Dr Hector Perera London
If anyone could save around 60% energy every time they cook rice and curries would you think it is a good idea? If I am not mistaken majority of Sri Lankans eat rice and curries on daily basis as the main meal, some people eat rice and curries for lunch and supper. In those cases if those people could save that much energy such as gas and electricity in cooking their main meals, I think that is a great saving.
50% saving in shops
Only in certain times of the year some shops give 50% off the normal price of the goods then the people rush to those shops for bargains. Even if the goods are expensive but if 50% is off the price then they know it’s cheaper than any other time so they rush. Say for example on Boxing Day that is the day after Christmas day, some shops sell TV, washing machines and many are sold 50% off the normal price. This happens only once a year. Again there may not be enough goods for the whole crowd that queued for many hours. Here I am trying to tell you a similar situation in energy saving cooking that can be used throughout the year from your home cooking.
British TV cooking
I have witnessed quite a lot of cooking programmes in British TV but I can safely say none of the chefs cook by saving energy or avoiding cooking aroma depositing on them while cooking. Sometimes those so called chefs run run all over the kitchen area while they are engaged in cooking, is it a part of show off? One must understand that kitchens are not meant for running or jogging. There could be drops of oil, water or pieces of vegetable on the floor so they might slip or have an accident. I treat kitchen as a chemistry laboratory because we deal with chemicals. In cooking competitions there are a few so called judges watching those chefs cooking but they never help the chefs as they are in competition, all what they do is to stand there or sometimes walk around asking some questions then shout the time to indicate how long is left to finish the cooking. Quite recently I saw some chefs served beef as the main dish. When they sliced, anyone could see the red or pink coloured slices of beef. I am sure anyone would judge that it is either under cooked or virtually raw. Who would like to eat raw beef or under cooked beef? They are full of germs and bacteria, so is it safe to eat them? Then the chefs add this and that sources to cover it up then put some dressing by adding slices of carrot then some leaves. Most of the times they put spots of sources just all over the plate then taken to more other judges waiting to taste the food. Those judges never seen how they were cooked. Once they were served they just eat then talk to each other as well. In the meantime those chefs have to serve the judges in the kitchen. Then one at a time goes in front of the judges for their comments. I can remember one judge told one of the contestant, “The taste is divine”. Then I knew the judges go by the taste of the food not taking into account of any other matters such as energy wastage in cooking or showering in cooking aroma and any other.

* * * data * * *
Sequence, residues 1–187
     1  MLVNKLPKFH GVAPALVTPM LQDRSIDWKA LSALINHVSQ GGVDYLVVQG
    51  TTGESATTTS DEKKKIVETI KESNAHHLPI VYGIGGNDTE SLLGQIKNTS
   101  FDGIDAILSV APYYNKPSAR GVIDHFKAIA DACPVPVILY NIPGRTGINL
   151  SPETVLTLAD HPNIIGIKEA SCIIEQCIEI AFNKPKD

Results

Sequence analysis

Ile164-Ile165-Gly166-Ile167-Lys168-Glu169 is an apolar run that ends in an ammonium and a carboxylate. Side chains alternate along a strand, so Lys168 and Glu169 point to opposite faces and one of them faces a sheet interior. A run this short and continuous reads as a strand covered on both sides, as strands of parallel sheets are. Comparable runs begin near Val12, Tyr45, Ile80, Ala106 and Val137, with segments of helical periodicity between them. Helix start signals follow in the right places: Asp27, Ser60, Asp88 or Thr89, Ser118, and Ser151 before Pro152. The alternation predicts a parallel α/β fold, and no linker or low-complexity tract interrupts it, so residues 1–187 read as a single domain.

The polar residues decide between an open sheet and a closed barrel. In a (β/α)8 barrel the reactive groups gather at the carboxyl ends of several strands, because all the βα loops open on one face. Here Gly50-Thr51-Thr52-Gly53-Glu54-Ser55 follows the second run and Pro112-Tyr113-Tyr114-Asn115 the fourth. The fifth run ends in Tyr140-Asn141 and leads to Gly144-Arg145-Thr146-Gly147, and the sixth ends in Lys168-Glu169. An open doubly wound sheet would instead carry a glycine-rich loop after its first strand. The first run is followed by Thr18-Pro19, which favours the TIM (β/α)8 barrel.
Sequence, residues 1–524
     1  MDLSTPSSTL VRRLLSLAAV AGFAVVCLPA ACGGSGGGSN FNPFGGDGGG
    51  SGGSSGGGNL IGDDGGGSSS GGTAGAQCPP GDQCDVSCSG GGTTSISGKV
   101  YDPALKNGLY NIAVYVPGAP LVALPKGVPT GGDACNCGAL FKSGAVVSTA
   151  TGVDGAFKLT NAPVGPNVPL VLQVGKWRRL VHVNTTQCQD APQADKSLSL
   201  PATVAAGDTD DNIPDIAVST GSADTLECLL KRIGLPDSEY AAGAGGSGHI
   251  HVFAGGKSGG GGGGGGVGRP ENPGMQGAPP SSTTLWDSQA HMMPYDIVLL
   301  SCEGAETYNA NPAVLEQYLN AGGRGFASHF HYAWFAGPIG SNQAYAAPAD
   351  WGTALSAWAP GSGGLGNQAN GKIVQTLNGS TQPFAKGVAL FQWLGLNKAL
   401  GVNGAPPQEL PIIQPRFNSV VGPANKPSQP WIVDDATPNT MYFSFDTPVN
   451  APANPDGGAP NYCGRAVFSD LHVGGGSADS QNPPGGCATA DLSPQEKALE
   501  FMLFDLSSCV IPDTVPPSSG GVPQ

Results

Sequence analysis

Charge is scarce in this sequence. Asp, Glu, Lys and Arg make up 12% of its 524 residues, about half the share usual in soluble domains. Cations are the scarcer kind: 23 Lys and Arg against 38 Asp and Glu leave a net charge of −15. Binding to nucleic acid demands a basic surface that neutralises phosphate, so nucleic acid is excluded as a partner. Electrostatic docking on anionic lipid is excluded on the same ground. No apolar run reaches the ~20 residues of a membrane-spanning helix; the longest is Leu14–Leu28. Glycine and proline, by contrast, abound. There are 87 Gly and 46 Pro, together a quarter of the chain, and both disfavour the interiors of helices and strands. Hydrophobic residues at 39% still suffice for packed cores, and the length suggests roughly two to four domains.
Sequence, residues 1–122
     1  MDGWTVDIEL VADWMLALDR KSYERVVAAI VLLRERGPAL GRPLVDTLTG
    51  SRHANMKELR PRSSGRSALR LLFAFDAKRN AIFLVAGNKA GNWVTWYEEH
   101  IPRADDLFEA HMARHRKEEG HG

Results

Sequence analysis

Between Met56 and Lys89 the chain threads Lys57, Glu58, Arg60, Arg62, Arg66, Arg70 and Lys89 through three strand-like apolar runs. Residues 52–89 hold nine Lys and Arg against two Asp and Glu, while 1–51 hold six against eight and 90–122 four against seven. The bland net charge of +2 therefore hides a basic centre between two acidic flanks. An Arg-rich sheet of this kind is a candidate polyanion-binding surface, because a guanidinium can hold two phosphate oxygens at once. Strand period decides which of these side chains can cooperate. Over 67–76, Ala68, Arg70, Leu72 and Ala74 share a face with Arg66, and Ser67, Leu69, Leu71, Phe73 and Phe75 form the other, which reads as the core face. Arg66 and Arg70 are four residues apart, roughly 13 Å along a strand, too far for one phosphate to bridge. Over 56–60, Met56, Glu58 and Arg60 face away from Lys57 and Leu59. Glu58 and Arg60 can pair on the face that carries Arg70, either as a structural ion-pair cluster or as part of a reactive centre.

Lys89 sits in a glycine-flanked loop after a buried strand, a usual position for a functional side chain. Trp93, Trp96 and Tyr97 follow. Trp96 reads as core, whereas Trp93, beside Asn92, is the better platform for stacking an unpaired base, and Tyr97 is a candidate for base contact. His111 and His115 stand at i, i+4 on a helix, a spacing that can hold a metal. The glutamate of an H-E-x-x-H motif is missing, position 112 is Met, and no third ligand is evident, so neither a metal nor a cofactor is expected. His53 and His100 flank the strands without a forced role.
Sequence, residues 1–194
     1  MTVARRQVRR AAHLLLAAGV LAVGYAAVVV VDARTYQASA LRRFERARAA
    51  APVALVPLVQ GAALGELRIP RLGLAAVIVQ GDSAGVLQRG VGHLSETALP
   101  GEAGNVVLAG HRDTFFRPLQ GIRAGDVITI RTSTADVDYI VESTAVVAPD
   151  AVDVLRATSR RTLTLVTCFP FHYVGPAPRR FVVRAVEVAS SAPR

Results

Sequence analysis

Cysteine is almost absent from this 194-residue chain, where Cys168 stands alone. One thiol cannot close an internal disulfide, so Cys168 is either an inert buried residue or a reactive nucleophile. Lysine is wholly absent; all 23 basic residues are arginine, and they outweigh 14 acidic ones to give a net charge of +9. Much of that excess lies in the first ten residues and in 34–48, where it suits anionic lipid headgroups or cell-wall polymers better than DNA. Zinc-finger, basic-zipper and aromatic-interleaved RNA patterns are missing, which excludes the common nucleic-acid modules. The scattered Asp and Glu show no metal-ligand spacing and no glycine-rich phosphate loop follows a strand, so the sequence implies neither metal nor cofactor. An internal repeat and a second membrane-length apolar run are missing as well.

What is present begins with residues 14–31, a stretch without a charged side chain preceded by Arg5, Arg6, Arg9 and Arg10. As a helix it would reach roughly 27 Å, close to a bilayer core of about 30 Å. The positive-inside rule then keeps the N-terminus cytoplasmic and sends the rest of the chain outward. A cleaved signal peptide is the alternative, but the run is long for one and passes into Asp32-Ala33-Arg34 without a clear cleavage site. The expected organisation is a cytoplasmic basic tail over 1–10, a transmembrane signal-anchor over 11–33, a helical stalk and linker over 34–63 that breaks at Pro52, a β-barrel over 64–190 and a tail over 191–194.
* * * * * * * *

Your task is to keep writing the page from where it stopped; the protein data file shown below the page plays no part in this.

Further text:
I am not forcing anyone to follow my scientific energy saving cooking, it is up to anyone to follow it or just leave it and waste energy. If anyone use any energy such as gas or electricity, they have to pay for them.
My work is officially recognised in Sri Lanka